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  • Posted June 20, 2024

Colombian Family's Genes Could Hold Key to Delaying Alzheimer's

A Colombian family’s genetics are shining a spotlight on a gene that might help protect people from the ravages of Alzheimer’s disease.

About 1,200 out of 6,000 family members carry a genetic variant called the “Paisa mutation,” which dooms them to early Alzheimer’s, researchers said.

But 28 family members with the Paisa mutation dodged early Alzheimer’s, apparently because they carry another gene that protects against the degenerative brain disease, researchers reported June 20 in the New England Journal of Medicine.

The study represents the first evidence that having this other gene -- known as the “Christchurch variant” -- might confer some protection against inherited Alzheimer’s, researchers said.

Drugs and therapies focusing on this genetic pathway might be capable of preventing or treating dementia and Alzheimer’s in others, said co-lead author Yakeel Quiroz, director of the Familial Dementia Neuroimaging Lab at Massachusetts General Hospital.

“As a clinician, I am highly encouraged by our findings, as they suggest the potential for delaying cognitive decline and dementia in older individuals,” Quiroz said in a hospital news release. “Now we must leverage this new knowledge to develop effective treatments for dementia prevention.”

The study focused on variants of the apolipoprotein E (APOE) gene.

The APOE4 variant is known to increase the risk of Alzheimer’s, and is linked to developing a more severe form of dementia, according to the Mayo Clinic.

On the other hand, the APOE3 gene variant has until now not seemed to have any affect on the risk of Alzheimer’s.

But in 2019, researchers found that a woman in the Colombian family who carried two copies of a specific APO3 variant developed cognitive impairment three decades later than expected.

Most people with the Paisa mutation develop mild cognitive impairment in their 40s, dementia in their 50s and die from dementia complications in their 60s.

But this woman carried the APO3 “Christchurch” variant, and subsequently didn’t develop brain problems until her late 70s.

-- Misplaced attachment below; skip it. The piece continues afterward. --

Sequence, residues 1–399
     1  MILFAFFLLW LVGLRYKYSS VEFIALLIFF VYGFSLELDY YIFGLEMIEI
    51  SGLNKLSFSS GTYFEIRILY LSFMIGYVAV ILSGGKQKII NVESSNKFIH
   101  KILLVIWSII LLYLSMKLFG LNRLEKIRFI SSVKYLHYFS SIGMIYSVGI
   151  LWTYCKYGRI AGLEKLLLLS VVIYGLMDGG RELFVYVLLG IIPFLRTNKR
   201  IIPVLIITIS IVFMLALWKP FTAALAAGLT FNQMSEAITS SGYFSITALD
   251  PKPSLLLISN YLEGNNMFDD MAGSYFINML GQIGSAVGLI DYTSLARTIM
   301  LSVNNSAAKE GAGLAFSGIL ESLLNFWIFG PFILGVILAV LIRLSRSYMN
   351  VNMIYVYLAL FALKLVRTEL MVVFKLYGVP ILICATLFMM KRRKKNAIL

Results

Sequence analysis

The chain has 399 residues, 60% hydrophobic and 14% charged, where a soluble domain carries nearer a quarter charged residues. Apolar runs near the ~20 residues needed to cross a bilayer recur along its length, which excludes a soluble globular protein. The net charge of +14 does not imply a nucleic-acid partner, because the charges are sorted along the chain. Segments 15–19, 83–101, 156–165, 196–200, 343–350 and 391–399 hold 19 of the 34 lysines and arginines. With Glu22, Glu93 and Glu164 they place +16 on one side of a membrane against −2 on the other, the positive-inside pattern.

For the new study, researchers dug into the medical history of the Colombian family to see if any other members benefited from the Christchurch variant.

Analyzing nearly 1,100 descendants of the Colombian family, researchers identified 27 additional members who carried one copy of the Christchurch variant as well as the Paisa mutation.

These 27 family members all experienced delayed onset of dementia and Alzheimer’s.

They began showing signs of cognitive impairment at age 52, on average, compared to age 47 for family members without the Christchurch variant. They also showed signs of dementia four years later than other relatives.

This is important because it shows that preventing Alzheimer’s through the Christchurch variant is possible, said co-senior study author Dr. Joseph Arboleda-Velasquez, an associate scientist at Mass Eye and Ear.

“Our original study told us that protection was possible, and that was an important insight. But if a person needs two copies of a rare genetic variant, it just comes down to luck," Arboleda-Velasquez said.

“Our new study is significant because it increases our confidence that this target is not only protective, but druggable,” Arboleda-Velasquez added. “We think that therapeutics inspired by protected humans are much more likely to work and to be safer.”

Brain scans and autopsies showed that people with the Christchurch variant had healthier blood vessels, lower levels of tau protein and preserved activity in brain regions typically involved in Alzheimer’s disease.

Further studies involving larger and more ethnically diverse groups could shed more light on the protective effect of the Christchurch variant, and determine if it could translate into treatments for Alzheimer’s, the researchers concluded.

“As a next step, we are currently focused on improving our understanding of the brain resilience among the remaining family members who carry one copy of the Christchurch variant,” Quiroz said. “This involves conducting structural and functional MRI scans and cognitive evaluations, as well as analyzing blood samples to assess their protein and biomarker profiles.”

More information

The Mayo Clinic has more about the genetics of Alzheimer’s disease.

SOURCE: Mass General Brigham, news release, June 19, 2024

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